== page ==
Did Charter Beat Q2 Expectations on Internet Subscriber Gains?

Charter beats expectations

Charter Communications (CHTR) impressed investors by beating Wall Street expectations for both earnings and revenues in the second quarter, for which it reported its results before the trading bell today.

The cable operator reported earnings of $1.15 per share, beating estimates of $0.99 per share by 16.2%. Earnings also posted year-over-year (or YoY) growth of 121.2% from Q2 2017’s earnings of $0.52 per share. The top line of $10.9 billion exceeded both analysts’ estimates of $10.83 billion by 0.2% and prior-year revenues of $10.36 billion by 4.8%. Moreover, the company’s revenue increased consecutively for the fifth quarter.

Did Charter Beat Q2 Expectations on Internet Subscriber Gains?

Internet subscriber gains in Q2 2018

Charter not only beat expectations for both revenues and earnings but also delivered YoY growth for both earnings and revenues during the quarter. The company also beat Wall Street expectations for residential Internet customers, which helped Charter impress investors and beat profits. Charter reported that 218,000 more customers signed up for its Internet services in the second quarter—higher than the analyst estimate of 185,000 additions.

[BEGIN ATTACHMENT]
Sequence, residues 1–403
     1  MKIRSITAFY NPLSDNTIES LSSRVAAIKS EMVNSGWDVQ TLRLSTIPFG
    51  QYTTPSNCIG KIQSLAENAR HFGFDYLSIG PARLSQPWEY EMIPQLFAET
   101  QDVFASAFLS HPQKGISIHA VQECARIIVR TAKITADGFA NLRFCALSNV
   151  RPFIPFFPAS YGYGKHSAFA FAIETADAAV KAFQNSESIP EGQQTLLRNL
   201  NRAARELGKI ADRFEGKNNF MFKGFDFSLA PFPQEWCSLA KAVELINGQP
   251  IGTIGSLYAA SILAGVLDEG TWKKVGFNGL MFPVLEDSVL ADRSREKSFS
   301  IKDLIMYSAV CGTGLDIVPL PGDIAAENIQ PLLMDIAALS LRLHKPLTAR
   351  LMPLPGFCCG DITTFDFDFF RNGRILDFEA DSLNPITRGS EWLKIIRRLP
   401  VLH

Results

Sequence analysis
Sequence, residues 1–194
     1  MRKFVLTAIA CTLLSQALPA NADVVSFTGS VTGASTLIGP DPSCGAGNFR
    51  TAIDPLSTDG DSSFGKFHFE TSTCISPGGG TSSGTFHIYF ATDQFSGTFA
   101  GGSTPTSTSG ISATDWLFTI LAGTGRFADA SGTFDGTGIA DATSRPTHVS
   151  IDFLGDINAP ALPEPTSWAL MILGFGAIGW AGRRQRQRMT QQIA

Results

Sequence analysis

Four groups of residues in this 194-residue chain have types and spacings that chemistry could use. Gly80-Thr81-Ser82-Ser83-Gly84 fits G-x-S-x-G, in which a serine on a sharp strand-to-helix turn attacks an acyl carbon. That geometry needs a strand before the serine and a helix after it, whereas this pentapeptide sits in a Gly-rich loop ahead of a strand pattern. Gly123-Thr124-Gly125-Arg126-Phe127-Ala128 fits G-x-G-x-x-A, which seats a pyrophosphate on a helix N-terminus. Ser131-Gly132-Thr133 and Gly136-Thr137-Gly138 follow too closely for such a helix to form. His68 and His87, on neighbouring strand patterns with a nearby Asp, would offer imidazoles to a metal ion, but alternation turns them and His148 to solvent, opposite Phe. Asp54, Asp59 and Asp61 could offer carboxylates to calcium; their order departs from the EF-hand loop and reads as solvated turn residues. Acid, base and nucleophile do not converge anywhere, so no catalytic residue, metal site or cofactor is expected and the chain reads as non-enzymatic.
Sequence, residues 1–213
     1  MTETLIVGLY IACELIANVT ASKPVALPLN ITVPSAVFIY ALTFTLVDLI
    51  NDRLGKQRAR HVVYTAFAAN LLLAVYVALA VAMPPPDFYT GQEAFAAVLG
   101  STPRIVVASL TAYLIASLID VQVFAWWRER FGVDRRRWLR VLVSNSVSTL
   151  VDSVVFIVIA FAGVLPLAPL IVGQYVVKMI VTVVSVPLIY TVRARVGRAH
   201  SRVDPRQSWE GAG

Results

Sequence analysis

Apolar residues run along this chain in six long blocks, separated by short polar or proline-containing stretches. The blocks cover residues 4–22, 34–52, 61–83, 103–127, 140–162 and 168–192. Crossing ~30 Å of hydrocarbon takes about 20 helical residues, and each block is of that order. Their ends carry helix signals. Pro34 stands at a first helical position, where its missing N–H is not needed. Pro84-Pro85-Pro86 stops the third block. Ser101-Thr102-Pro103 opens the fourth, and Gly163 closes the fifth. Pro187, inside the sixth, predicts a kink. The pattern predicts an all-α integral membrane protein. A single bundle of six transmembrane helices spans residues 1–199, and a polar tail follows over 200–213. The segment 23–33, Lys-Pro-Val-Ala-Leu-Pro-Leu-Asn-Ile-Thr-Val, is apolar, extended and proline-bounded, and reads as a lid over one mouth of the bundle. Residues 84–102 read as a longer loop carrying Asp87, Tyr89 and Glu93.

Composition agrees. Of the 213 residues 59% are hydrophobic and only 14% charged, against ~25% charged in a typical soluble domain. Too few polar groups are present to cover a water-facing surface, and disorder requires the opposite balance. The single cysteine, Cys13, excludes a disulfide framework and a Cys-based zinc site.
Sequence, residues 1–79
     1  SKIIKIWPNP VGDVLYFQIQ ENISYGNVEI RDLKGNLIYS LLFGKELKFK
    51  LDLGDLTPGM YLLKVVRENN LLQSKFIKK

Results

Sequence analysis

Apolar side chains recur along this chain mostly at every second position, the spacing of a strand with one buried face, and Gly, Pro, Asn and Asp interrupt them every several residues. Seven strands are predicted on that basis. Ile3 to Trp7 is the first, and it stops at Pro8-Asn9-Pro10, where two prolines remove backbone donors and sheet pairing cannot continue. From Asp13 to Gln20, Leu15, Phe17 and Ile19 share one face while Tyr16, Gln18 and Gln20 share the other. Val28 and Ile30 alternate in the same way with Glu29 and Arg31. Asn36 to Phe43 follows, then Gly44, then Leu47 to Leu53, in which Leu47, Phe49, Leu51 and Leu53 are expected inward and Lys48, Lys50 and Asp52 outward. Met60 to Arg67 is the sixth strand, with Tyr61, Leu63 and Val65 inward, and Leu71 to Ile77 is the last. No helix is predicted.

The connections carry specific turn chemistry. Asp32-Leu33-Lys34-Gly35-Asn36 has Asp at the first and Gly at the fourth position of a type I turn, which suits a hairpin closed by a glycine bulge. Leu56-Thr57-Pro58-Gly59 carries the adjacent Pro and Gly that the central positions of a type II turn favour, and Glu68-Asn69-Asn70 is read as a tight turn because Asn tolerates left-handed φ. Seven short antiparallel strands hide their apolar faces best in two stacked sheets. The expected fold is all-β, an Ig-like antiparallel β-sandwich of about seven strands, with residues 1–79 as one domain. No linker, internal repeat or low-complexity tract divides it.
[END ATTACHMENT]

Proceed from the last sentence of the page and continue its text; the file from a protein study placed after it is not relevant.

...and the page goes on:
Plus, the company lost fewer video subscribers than expected, which also turned out to be positive for the company and added to the second-quarter earnings. Charter reported a loss of 73,000 residential video customers in the quarter, fewer than the 91,000 it had lost in Q2 2017. Analysts expected a loss of 108,000 video subscribers.

Cord cutting

Cable-TV companies have been facing increasing pressure to retain customers due to cord-cutting, as traditional cable subscribers are shifting to cheaper online streaming alternatives provided by tech giants like Netflix (NFLX) and Amazon’s (AMZN) Prime Video. Netflix and Amazon are increasingly investing in original content to dominate the streaming services market and offer original shows and movies to consumers.

As a result, cable giants Charter and Comcast (CMCSA) are focusing on their broadband businesses. The second-largest wireless company, AT&T (T), has also been losing satellite TV customers over the past consecutive quarters. AT&T lost 286,000 satellite TV customers and added 24,000 U-verse TV customers in the second quarter.